Alongside Tolliver and Cowell, forward-looking musicians who recorded for Strata-East, attracted by its laissez-faire artistic policy and radical socio-cultural outlook, included Pharoah Sanders, Charles Brackeen, Clifford Jordan, the poet Jayne Cortez (for 10 years the wife of Ornette Coleman), Sonny Fortune, Plunky Nkabinde's Juju, Bill Lee (father of Spike Lee), Max Roach's M'Boom and James Mtume's Umoja.

All these artists recorded tours de force for Strata-East, but one of the label's most magnificent releases has been one of the most overlooked. It is the spiritual-jazz masterpiece First Impressions by alto saxophonist Shamek Farrah. Originally released in 1974, it has in spring 2018 been reissued in a 180-gram vinyl remastered-edition by Pure Pleasure.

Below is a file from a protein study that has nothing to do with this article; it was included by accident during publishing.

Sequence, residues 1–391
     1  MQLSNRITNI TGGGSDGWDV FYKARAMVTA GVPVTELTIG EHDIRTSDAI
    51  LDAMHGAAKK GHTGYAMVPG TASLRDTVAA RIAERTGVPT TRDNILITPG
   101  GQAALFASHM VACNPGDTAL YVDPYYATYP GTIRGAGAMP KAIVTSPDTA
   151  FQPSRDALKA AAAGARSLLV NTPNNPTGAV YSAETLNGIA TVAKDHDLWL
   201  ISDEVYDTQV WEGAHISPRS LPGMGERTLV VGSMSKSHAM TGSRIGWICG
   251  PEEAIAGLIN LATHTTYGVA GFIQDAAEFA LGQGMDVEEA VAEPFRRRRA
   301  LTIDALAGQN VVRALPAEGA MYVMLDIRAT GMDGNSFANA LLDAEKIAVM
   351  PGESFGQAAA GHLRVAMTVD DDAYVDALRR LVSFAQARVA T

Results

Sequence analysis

First Impression's relative obscurity is probably explained by the fact that most of the musicians involved, great artists though the disc reveals them to be, went on to record little and retire early from active music making. At least two of them fell foul of heroin addiction. Farrah himself recorded one more album for Strata-East, 1977's The World Of The Children, another blinder, before going off radar in the early 1980s. The only participant subsequently to enjoy a reasonably productive recording career was bassist Milton Suggs, who went to record with Elvin Jones, Roland Kirk, Byron Morris & Unity and Famadou Don Moye, but even Suggs had faded from view by the end of 1980s. Suggs's biggest contribution to First Impressions is the killer ostinato which, in harness with a three-strong drum and percussion section, drives the title track forward. (Suggs's work continues to inspire muscians in 2018. His bass line for Byron Morris & Unity's "Kitty Bey," from the 1974 E.P.I. album Blow Thru' Your Mind, is celebrated on the previously reviewed Toshio Matsuura album, Loveplaydance: 8 Scenes From The Floor, on Brownswood Recordings).